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From ancient apothecary to modern medicine

- Mariette van der Walt

How our early ancestors shaped our medicine use today. Throughout history, humanity has used nature's pharmacy for healing.

Throughout history, humanity has used nature's pharmacy for healing. In exploring nature as a source of shelter and food, early humans fortuitously discovered the therapeutic properties of plants, with many of today's drugs having their roots in ancient knowledge.

Ancient apothecary | Curiosity 16: #Drugs ©

Ancient survival guidebook

Adaptive memory, the ability to remember important information needed for survival, played an essential role in this process of discovery. After experimenting with various plants, our ancestors were able to remember which ones worked for their ailments and where to find them, giving them a remarkable edge in the game of survival. With each triumphant discovery of a plant with healing properties, their memory eagerly catalogued the plant's powers, creating a survival guidebook that would be passed down through the ages, forming the ultimate foundation for the development of modern medicine.

One crucial plant discovery included the African yellow star (Hypoxis angustifolia). Widely distributed throughout southern Africa, it is also found in abundance around the Sterkfontein Cave, one of the important archaeological sites in the country. It is likely that our hominid ancestors in South Africa were the first to discover the nutritional and medicinal properties of the African yellow star.

The herbaceous plants feature pretty, yellow flowers, sickle-shaped leaves and bulbous rhizomes that are good to eat once cooked. Wits University studies have shown that it was cooked and consumed as far back as 170 000 years ago.

"It has small rhizomes with white flesh that is more edible than the bitter, orange flesh of rhizomes from the better known medicinal Hypoxis species which is incorrectly called African Potato. The part of the plant used for medicine is not a potato, which is a tuber, but a corm," says Dr Christine Sievers, an Archaeobotanist in the Wits School of Geography, Archaeology and Environmental Studies.

“Plant remains are rarely well-preserved and there is no direct evidence that people living around 170 000 years ago were aware of the medicinal properties of species such as Hypoxis hemerocallidea. There is, however, widespread evidence of animal self-medication. This is likely to be shared evolutionary behaviour and suggests that people had knowledge of the healing power of plants at least during the Middle Stone Age (280 000 to about 50 000 years ago), and very likely much earlier in our evolution,” she says.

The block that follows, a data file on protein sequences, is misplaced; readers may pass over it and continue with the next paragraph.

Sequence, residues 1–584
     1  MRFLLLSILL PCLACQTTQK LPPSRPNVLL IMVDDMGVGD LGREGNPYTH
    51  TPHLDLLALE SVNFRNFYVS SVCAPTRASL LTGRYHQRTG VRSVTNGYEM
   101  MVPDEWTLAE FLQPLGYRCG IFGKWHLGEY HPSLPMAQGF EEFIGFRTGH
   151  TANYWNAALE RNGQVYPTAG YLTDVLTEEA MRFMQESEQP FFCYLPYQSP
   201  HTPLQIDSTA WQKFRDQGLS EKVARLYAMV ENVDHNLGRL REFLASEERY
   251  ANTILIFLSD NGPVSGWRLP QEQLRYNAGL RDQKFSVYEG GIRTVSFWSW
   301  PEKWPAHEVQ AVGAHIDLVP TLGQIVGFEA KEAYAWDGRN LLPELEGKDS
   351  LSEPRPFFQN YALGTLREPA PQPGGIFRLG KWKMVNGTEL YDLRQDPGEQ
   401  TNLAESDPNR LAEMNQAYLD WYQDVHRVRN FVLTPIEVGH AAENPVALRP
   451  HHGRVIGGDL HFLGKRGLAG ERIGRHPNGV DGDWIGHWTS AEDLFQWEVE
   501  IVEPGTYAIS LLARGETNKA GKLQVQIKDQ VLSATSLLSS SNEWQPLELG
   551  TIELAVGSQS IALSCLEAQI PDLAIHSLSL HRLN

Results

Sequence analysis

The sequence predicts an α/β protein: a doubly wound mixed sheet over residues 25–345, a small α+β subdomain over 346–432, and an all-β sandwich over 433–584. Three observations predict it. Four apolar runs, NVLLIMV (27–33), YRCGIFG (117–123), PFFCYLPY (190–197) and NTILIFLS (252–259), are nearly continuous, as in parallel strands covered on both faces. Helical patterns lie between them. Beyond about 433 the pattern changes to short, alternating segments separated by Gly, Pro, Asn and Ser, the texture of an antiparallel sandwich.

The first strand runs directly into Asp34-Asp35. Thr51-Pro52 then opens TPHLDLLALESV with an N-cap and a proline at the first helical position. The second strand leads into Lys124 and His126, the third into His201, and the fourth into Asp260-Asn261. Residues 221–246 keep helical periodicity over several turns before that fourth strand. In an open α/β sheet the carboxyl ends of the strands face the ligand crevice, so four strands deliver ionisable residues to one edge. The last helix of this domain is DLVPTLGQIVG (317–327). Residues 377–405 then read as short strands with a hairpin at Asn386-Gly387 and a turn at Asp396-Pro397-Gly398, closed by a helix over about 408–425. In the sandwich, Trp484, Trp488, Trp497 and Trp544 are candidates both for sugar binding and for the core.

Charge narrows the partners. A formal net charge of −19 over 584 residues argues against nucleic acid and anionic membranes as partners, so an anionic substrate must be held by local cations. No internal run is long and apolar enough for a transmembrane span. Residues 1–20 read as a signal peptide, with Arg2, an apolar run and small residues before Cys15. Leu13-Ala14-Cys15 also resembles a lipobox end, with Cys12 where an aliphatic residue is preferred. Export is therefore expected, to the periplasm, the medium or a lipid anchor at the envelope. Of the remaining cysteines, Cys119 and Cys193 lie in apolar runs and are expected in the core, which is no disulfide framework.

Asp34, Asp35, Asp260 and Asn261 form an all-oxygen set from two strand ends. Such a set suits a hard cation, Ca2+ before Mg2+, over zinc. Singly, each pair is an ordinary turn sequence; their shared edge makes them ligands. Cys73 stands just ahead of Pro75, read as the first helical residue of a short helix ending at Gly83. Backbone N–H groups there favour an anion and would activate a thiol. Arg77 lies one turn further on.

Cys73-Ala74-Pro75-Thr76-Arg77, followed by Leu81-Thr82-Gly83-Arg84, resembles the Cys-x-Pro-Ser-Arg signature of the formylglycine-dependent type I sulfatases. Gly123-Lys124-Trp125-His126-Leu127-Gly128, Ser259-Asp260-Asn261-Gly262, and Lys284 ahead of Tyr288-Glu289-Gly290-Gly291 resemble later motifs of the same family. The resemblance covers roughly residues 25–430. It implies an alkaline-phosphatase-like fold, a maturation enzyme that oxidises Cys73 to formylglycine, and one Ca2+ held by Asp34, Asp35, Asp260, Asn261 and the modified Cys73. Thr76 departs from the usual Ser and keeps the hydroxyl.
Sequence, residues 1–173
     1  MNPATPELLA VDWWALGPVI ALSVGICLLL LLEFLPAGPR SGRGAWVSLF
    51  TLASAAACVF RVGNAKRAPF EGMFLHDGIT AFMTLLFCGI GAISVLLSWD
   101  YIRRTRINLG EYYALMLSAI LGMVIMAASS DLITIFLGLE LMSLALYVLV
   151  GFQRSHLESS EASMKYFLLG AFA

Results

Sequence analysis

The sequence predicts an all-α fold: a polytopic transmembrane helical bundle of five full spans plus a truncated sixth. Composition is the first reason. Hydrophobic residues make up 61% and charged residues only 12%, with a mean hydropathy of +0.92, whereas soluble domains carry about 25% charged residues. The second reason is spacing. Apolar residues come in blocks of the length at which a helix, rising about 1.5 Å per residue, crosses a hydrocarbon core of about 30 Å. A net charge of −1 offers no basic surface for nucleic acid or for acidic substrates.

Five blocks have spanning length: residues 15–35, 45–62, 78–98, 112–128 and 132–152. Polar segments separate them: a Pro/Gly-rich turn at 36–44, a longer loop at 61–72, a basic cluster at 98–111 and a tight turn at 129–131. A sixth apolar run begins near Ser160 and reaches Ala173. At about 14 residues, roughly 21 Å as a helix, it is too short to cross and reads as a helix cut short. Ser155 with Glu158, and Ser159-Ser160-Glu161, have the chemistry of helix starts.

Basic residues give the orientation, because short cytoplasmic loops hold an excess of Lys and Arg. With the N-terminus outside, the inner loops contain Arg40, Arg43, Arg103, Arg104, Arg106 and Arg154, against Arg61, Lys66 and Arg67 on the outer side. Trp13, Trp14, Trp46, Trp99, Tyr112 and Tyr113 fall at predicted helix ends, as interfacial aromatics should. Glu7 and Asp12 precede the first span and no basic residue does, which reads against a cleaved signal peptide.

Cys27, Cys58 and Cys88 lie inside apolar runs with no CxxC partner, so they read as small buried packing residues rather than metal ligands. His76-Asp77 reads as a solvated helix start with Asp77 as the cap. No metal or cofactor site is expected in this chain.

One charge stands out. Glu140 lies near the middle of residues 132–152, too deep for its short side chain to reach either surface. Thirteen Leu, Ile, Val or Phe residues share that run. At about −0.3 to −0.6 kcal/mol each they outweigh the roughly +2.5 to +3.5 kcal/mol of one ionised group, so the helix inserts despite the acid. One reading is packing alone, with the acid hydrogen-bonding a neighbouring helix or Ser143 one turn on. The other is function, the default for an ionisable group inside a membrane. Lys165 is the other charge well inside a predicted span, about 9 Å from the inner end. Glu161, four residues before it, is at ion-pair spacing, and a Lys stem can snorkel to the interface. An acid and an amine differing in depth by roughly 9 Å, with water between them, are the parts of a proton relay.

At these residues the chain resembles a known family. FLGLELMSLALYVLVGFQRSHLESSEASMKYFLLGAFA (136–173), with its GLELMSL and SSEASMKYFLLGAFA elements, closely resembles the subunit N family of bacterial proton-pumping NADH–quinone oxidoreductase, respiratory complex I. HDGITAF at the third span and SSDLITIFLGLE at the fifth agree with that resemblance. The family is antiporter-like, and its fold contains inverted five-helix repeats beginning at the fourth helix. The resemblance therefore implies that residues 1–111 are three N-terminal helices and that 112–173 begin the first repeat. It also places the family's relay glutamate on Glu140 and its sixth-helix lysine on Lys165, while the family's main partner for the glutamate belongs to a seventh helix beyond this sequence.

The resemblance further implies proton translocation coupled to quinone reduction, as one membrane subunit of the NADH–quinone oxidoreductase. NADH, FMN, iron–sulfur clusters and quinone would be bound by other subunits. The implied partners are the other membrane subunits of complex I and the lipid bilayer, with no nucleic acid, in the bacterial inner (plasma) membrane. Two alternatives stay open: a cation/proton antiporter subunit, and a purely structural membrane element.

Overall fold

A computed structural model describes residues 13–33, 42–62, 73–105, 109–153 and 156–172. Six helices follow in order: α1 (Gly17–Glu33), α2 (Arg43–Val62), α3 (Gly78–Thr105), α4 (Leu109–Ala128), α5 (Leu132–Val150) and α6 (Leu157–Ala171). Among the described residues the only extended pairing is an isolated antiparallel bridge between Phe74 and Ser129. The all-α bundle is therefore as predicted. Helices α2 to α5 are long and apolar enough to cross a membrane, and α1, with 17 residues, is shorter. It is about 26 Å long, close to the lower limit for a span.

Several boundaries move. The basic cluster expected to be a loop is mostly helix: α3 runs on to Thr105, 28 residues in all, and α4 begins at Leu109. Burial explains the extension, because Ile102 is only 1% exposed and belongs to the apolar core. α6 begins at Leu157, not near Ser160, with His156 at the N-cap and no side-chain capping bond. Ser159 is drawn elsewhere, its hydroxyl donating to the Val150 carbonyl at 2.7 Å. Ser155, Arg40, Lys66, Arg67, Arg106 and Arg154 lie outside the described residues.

Don’t let the bed bugs bite

Once the healing properties of plants were discovered, early humans were extremely resourceful.

With the discovery of the medicinal properties of plants came the realisation they could be used to keep pesky bugs away, evidenced by insect-repelling plants found in 77 000-year-old preserved bedding from a cave in South Africa. Today, communities continue to rely on many plants, including the Hypoxis species, for traditional medicine, treating various ailments. 

Safeguarding the future of indigenous medicinal plants

Scientists have recently delved into the use of ancient medicinal plants, collaborating with local communities to unveil their biochemical properties and potential applications. This interdisciplinary approach blends traditional knowledge with modern scientific techniques, opening exciting drug discovery and development avenues. However, the rising popularity and commercialisation of traditional medicine has led to the overexploitation and depletion of certain species.

Alarming statistics from the South African Health Review report indicate that out of 2 062 plant species used for traditional medicine, approximately 32% have been recorded in traditional medicine markets, with 4% currently under threat. Unsustainable harvesting practices, habitat destruction, and the impacts of climate change further compound conservation issues, putting many medicinal plant species at risk of endangerment or even extinction.

We need to safeguard not only the plants themselves but also the ecosystems that nurture them, the habitats that harbour them, and the cultural landscapes that shape our understanding and practices of healing. Recognising the historical, spiritual, and ecological significance of these environments is essential for preserving the integrity and resilience of traditional medicine systems.

  • Mariette van der Walt is a freelance writer.
  • This article first appeared in Curiosity, a research magazine produced byWits Communications and the Research Office
  • Read more in the 16th issue, themed: #Drugs, where we highlight the diversity, scope, and multi-dimensional nature of drug-related research at Wits University.